Xpress Reviews: Nonfiction | First Look at New Books, May 3, 2013

Week ending May 3, 2013

Cannon, James. Gerald R. Ford: An Honorable Life. Univ. of Michigan. Jun. 2013. 536p. index. ISBN 9780472116041. $35. BIOG
Cannon was a longtime journalist who became an aide to New York governor Nelson Rockefeller and then, when President Gerald Ford chose Rockefeller as his vice president in 1974, a domestic-policy adviser in the Ford administration. His authorized biography of Ford, Time and Chance, was published in 1998. After President Ford’s death in 2006, Cannon set out to present a completed and revised biography of him. Cannon had not quite finished it when he died in 2011; Scott Cannon, the author’s son, contributes a short afterword. There is considerable overlap between this book and Cannon’s earlier biography, not surprisingly, especially with regard to Ford’s early years. Furthermore, both books cover Ford in much the same fashion as Ford’s autobiography, A Time To Heal (1979), and neither adds a great deal to our knowledge or understanding of this “least celebrated of recent presidents,” a man whom Cannon, among other writers, considers a highly decent man who restored integrity to the presidency after Watergate.
Verdict As the complete edition of Cannon’s biography, this will have value for presidential biography collections beyond the earlier edition. General readers who know little about Ford will find this a satisfactory, if somewhat plodding, introduction to Ford’s life, but it’s not crucial for collections owning the previous books.—Robert Nardini, Niagara Falls, NY

Herscher, Andrew. The Unreal Estate Guide to Detroit. Univ. of Michigan. 2012. 302p. photogs. ISBN 9780472035212. pap. $29.95; ebk. ISBN 9780472029174. ARCH
Logically enough, this “unreal estate guide” to the city of Detroit is produced by the Detroit Unreal Estate Agency, which describes itself as an organization that engages in “feral research” on new ways in which the much diminished city can be reimagined and repurposed. A place that has seen a tremendous drop in population and a collapse of municipal finance, Detroit is nevertheless a hotbed of odd little organizations exploring the intersection of art, architecture, farming, and social organization. Agency cofounder Herscher (architecture, Univ. of Michigan; Violence Taking Place: The Architecture of the Kosovo Conflict) argues that the decay of existing materials can fuel the birth of new structures of social organization and is an antidote to the prevalent narrative describing Detroit as a hellish wasteland bereft of a future. He lists 57 projects or groups ranging from one-man art installations of found detritus (Heidelburg Project) to mobile vegetable trucks (Peaches and Greens) that supply neighborhood liquor stores that are some Detroiters’ only local food source. Along with berry foraging groups (Friends of Gorgeous Berries) and art galleries (Power House, Alley Culture), there are also nostalgic throwbacks like beer gardens (Tashmoo Biergarten) and the Carwash Cafe, an outgrowth of a car storage lot.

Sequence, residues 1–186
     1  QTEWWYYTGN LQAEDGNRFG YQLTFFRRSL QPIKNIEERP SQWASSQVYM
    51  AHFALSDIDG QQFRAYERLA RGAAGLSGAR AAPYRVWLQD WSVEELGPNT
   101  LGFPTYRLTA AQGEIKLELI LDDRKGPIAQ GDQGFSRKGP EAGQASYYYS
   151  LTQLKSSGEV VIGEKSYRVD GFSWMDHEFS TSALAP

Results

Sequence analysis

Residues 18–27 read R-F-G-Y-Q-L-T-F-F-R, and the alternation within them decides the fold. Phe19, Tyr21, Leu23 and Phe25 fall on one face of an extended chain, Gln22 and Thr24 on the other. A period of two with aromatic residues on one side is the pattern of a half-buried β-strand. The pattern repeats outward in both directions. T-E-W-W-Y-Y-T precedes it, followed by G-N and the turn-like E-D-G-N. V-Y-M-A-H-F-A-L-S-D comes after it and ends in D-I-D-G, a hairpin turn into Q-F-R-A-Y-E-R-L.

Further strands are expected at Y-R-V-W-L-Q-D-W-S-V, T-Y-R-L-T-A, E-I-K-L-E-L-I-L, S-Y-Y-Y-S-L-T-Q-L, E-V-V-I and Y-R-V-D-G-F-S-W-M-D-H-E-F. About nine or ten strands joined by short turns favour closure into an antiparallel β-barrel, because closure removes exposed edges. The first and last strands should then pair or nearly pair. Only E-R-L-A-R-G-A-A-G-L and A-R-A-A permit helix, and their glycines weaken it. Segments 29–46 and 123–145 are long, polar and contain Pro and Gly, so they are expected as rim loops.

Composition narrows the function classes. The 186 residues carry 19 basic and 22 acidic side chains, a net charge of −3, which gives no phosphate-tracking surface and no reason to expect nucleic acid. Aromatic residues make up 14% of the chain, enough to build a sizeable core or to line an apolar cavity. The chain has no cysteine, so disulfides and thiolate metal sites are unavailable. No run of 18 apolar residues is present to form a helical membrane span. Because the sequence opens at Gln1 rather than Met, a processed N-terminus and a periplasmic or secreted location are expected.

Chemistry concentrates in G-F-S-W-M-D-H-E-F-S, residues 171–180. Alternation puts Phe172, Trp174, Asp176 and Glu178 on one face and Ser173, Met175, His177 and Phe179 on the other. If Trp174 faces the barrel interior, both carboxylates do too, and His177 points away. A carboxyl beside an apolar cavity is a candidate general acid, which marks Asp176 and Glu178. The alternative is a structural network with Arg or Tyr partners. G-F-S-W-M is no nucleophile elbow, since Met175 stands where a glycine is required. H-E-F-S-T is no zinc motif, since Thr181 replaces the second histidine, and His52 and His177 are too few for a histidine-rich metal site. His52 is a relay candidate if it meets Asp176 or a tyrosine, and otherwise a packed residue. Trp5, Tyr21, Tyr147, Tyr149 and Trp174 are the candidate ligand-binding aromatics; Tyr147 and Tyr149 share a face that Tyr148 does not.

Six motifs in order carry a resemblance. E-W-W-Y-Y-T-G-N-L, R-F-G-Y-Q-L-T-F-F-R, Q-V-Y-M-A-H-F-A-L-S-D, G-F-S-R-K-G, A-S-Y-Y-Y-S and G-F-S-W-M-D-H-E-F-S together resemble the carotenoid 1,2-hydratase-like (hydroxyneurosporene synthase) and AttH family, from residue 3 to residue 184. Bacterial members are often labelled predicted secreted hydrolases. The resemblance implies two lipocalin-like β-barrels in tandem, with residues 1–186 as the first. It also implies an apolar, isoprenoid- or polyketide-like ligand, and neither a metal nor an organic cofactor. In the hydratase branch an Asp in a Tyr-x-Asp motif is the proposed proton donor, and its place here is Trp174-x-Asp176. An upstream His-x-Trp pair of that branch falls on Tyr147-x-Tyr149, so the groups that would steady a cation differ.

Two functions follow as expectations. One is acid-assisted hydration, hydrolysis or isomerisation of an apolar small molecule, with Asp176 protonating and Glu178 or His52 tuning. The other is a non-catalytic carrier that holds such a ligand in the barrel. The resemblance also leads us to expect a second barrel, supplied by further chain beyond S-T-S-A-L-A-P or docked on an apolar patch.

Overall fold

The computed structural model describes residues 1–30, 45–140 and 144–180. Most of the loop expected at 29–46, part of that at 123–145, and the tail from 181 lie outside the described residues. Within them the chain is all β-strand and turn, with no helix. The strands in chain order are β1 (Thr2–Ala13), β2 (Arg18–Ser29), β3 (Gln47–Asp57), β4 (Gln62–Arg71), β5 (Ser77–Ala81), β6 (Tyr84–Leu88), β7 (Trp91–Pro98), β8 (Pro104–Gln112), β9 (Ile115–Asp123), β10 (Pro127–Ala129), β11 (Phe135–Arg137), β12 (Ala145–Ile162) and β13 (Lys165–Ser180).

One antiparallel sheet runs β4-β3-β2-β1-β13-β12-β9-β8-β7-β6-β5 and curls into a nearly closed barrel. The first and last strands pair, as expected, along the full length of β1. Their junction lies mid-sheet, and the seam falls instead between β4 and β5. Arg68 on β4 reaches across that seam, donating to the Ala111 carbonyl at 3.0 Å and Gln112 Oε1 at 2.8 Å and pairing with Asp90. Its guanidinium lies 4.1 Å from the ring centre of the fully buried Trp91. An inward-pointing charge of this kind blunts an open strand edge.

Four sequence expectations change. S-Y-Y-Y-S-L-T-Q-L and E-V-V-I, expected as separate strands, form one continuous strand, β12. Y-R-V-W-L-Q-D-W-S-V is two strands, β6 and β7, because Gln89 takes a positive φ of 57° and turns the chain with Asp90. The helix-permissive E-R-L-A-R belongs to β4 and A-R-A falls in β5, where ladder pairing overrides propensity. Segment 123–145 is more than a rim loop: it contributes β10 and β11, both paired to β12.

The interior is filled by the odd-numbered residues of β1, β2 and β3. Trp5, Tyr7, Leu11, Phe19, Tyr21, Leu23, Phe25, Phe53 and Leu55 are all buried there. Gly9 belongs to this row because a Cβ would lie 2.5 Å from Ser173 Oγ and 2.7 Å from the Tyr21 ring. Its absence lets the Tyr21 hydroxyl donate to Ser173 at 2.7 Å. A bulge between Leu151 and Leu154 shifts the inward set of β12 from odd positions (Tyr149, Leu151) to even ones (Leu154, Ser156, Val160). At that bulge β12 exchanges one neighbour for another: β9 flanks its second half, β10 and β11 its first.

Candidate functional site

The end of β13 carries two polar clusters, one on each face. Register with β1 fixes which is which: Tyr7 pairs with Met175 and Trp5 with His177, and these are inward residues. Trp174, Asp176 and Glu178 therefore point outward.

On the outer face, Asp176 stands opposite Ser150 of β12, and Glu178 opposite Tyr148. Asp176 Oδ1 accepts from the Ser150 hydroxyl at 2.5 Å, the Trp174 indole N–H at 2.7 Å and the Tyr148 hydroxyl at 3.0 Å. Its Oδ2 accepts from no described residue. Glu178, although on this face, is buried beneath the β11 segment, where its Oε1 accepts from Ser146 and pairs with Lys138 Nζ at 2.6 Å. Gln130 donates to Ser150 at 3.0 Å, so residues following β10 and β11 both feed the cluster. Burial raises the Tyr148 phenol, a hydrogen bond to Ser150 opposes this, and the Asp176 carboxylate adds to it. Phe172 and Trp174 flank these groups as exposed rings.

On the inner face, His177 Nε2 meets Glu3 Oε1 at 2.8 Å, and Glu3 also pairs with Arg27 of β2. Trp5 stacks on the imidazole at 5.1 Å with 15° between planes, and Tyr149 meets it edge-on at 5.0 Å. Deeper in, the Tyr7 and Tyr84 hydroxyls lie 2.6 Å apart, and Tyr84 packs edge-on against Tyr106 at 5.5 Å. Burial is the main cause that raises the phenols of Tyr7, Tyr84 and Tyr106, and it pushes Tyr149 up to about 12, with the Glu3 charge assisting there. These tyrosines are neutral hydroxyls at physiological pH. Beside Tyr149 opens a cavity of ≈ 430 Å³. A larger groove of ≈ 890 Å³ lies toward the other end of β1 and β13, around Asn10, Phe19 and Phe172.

Verdict A fascinating and visually stimulating guide to the groups rethinking a postindustrial city.—David McClelland, Andover, NY

Jackson, Phil & Hugh Delehanty. Eleven Rings: The Soul of Success. Penguin. May 2013. 368p. illus. index. ISBN 9781594205118. $27.95. SPORTS
Jackson, again with Delehanty, who coauthored Jackson’s previous book, Sacred Hoops, seems to have intended this as a memoir of how he became one of the most successful coaches ever in any sport. He starts by describing his early years as a basketball player and coach, but then the book becomes a series of short professional summaries of his years as coach of the Chicago Bulls and Los Angeles Lakers, mostly focusing on the respective teams’ playoff and championship runs. The facts of those games have been covered in the many books about Jackson, Michael Jordan, the Bulls, or the Lakers, yet Jackson offers few new insights here into his coaching or his relationships with his players; for example, he mentions his use of team meditation sessions but doesn’t go further to describe how, why, or whether that approach worked. Readers likewise may be left wondering how and why Jackson succeeded so extensively when most coaches are lucky to have one championship ring.
Verdict Even casual NBA fans will find few new stories here. It’s an okay introduction for those sports fans who know little about Jackson or the teams and players he coached. Most readers will do better with older books such as Sam Smith’s The Jordan Rules.—Derek Sanderson, Mount Saint Mary Coll. Lib., Newburgh, NY

Morrison, Alethea. Homegrown Honey Bees: An Absolute Beginner’s Guide to Beekeeping Your First Year, from Hiving to Honey Harvest. Storey. 2013. 160p. photogs. index. ISBN 9781603429948. pap. $14.95; ebk. 9781603428811. AGRI
Beekeeping has been moving from farm-centered spaces to urban rooftops, and beekeeper Morrison walks readers through the first year of the process of setting up a hive, from getting the colony together to honey extraction. Synopses of honey bee life cycles, equipment, and many firsts (i.e., first month, first season, and first honey harvest) are laid out, with examples from beekeepers all over the United State to highlight the ups and downs of this growing pastime. The last chapter reminds readers that beekeeping is not always a winning hobby or business, considering the rise of colony collapse disorder (CCD) and issues like starvation or varroa mites, yet Morrison demonstrates how keeping your own hive can be a worthwhile endeavor with numerous health and personal benefits.